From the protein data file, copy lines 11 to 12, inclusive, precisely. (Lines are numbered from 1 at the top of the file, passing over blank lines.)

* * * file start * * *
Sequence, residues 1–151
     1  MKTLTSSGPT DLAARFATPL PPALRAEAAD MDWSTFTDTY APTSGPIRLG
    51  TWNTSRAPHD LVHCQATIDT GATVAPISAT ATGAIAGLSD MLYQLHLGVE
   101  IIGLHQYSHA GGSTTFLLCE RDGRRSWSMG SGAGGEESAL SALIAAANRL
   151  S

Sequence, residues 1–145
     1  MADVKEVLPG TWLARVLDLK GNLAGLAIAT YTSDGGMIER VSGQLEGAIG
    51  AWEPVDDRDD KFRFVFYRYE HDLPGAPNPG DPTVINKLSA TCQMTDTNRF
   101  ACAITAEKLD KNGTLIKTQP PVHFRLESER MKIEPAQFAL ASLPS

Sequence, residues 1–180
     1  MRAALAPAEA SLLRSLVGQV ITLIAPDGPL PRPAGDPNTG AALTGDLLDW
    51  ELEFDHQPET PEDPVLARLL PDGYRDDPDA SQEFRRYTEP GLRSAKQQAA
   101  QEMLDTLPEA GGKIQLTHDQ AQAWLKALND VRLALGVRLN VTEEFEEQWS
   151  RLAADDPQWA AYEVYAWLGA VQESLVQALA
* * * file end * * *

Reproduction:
     1  MRAALAPAEA SLLRSLVGQV ITLIAPDGPL PRPAGDPNTG AALTGDLLDW
    51  ELEFDHQPET PEDPVLARLL PDGYRDDPDA SQEFRRYTEP GLRSAKQQAA